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Medicaid: Your Questions Answered

In the build-up to the first presidential debate between President Barack Obama and GOP challenger Mitt Romney, much of the health care discussion thus far has focused on options for reforming Medicare.

But Medicaid, its counterpart for low-income and disabled Americans, actually covers more people — 60 million to be exact, of which about half are children. The program also pays for nearly two-thirds of nursing home residents and about 40 percent of births. And both candidates say they’d drastically change that program, too.

As Obama and Romney prepare to take the stage for the debate — hosted by the NewsHour’s own Jim Lehrer and with health care among the topics to be addressed — we wanted to cap our Medicaid coverage from the past week by answering your lingering questions on the program and the candidates’ proposals. NewsHour politics editor Christina Bellantoni sat down with Phil Galewitz of Kaiser Health News early Wednesday afternoon to do just that (find the answers below). But first, a refresher:

On Monday’s PBS NewsHour broadcast, Hari Sreenivasan looked at both presidential candidates’ proposals for the program. In brief, President Obama’s health reform law would drastically expand Medicaid to an approximate 17 million more Americans while Mitt Romney would convert federal contributions for the program to block grants that would likely result in severe Medicaid cuts.

If you missed it, check out the full broadcast piece here:


Also Monday, Phil Galewitz of KHN addressed some of the most frequently asked questions about Medicaid, its role this election season and potential impacts the candidates’ proposals could have on the program.

Without further ado, here’s Christina Bellantoni and Phil Galewitz, taking your questions:

Question 1: What is the central tension around Medicaid this election season?

Question 2: Paul Ryan and other Republicans say Medicaid, as it exists, doesn’t provide good care for those who receive it. What are the two opposing arguments?

Question 3: The Medicaid expansion as proposed under the health care reform law would require money from Congress. Is Congress funding the implementation of the Affordable Care Act?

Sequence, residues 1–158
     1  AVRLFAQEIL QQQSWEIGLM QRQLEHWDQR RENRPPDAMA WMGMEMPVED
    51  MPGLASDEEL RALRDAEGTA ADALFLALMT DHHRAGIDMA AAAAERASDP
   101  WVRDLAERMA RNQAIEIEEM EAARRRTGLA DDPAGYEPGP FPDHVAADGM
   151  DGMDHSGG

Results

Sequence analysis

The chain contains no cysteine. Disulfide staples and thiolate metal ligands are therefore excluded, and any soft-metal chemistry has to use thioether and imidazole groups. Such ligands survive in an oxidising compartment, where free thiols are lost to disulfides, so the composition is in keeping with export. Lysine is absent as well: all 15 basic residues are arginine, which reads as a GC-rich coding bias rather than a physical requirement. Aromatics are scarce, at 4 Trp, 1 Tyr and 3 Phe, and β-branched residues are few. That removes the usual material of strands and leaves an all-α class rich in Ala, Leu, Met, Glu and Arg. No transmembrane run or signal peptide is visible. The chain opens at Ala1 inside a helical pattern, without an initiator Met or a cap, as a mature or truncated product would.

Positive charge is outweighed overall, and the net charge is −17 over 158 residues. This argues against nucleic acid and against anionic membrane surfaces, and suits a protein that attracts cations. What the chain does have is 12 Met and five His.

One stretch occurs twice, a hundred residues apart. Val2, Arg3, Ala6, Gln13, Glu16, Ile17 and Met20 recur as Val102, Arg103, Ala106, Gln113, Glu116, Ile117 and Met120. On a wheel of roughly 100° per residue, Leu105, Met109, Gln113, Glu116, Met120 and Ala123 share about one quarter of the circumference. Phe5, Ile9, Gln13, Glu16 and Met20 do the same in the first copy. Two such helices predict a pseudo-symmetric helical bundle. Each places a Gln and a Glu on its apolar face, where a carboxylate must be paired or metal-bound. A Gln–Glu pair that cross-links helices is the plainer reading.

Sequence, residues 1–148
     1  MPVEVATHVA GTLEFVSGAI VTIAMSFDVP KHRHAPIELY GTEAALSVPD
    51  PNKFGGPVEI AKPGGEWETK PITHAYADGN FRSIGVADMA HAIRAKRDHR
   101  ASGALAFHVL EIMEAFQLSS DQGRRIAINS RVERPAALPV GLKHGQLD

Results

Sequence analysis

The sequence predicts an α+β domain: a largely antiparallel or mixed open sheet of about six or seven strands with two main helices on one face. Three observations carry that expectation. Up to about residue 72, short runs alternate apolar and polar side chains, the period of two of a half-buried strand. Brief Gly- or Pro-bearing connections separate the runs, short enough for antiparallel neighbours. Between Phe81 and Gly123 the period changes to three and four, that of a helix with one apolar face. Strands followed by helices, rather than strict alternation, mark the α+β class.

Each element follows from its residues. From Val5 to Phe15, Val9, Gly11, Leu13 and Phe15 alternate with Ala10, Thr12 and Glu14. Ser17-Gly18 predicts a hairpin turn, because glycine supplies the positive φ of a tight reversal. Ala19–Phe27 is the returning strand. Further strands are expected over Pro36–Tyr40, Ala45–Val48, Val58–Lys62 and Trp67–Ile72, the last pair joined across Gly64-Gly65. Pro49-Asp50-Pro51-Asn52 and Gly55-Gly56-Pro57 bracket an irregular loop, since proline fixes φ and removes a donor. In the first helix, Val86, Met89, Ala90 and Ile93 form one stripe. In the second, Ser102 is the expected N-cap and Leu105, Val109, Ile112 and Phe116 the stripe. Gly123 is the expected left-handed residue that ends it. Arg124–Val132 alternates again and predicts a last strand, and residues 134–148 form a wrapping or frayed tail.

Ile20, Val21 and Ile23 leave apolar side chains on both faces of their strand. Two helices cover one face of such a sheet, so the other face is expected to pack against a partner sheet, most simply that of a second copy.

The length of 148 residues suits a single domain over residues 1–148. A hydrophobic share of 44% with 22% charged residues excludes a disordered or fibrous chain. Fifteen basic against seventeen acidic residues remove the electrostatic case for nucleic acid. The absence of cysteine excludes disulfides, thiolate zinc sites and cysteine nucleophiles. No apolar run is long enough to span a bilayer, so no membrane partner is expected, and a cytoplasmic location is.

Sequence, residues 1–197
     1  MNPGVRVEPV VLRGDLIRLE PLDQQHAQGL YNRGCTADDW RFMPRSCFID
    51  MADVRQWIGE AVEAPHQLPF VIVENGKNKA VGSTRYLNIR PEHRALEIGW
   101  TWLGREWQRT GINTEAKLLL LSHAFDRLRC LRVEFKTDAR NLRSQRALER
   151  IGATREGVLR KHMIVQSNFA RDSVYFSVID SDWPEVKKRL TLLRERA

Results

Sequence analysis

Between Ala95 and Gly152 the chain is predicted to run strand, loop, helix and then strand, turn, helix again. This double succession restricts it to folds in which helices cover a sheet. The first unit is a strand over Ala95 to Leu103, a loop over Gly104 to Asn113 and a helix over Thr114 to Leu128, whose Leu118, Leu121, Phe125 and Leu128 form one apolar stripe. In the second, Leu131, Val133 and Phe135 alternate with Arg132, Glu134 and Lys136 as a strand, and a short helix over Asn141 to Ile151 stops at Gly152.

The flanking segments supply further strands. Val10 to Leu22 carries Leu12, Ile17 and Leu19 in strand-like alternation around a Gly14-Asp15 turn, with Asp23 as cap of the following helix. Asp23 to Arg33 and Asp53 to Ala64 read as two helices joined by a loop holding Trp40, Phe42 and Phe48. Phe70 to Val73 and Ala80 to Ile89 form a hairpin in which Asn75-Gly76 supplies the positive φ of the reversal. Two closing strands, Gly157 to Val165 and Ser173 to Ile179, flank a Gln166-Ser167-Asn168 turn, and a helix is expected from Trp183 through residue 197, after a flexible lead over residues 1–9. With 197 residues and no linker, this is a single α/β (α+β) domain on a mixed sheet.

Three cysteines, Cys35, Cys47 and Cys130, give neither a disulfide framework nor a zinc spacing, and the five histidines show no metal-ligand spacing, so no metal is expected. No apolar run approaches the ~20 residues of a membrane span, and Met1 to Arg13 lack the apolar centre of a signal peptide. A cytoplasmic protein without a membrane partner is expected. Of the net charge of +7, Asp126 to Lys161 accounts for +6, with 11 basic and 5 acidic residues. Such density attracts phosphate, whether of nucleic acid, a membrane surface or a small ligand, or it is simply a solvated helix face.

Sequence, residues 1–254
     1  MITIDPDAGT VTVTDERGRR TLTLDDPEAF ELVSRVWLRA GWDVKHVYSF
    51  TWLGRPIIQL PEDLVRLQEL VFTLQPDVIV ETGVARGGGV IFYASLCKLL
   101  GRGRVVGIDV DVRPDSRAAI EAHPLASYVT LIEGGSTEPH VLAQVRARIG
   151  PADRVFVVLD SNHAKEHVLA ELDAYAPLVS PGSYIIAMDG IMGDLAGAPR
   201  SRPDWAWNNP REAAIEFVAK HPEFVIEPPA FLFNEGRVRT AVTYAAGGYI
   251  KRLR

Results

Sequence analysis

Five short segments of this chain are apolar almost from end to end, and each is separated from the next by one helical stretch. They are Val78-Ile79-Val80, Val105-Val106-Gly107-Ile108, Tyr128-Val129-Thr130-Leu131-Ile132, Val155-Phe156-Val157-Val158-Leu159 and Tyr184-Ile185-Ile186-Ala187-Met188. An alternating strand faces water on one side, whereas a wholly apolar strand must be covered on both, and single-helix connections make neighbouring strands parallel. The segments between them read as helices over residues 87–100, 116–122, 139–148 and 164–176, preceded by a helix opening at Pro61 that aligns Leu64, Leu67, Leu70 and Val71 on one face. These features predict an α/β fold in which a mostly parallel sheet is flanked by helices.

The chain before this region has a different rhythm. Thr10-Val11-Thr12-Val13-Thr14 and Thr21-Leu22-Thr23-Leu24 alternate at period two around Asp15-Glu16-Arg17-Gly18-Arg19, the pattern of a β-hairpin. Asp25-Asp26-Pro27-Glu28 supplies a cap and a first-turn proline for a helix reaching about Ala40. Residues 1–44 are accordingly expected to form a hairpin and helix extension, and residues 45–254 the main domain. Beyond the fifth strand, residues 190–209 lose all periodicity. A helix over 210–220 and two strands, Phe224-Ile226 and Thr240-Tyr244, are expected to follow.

Question 4: The reimbursement that doctors receive for a procedure through Medicaid is usually much less than they would get from a typical insurance plan. After Medicaid expansion through Affordable Care Act, will doctors continue to accept Medicaid patients? If not, how are these newly insured people receive coverage?

Question 5: How much does Medicaid cost taxpayers every year? What percentage of the national budget is this taking up?

Question 6: Why are we not seeing more pre-retirement age people buying long-term care insurance? Wouldn’t that solve the problem of limited income and living in a nursing home or long-term care facility?

Question 7: How much control do the states have over Medicaid? What’s the balance between them and the federal government?

Question 8: Has Kaiser Health News looked at how people understand the Medicaid issue? If it comes up in the debate, how many people will understand what terms are at stake here?

Question 9: If Mitt Romney is elected president, will there be major changes to Medicaid?

Question 10: What potential do block grants have to change Medicaid? Why are people opposed to the idea?

Question 11: As a correspondent covering health care, what will you be listening for in the debate?

Question 12: Republicans are concerned that all of this is placing an unfair burden on the states. Are you expecting to hear Mitt Romney say this on-stage at the debate?

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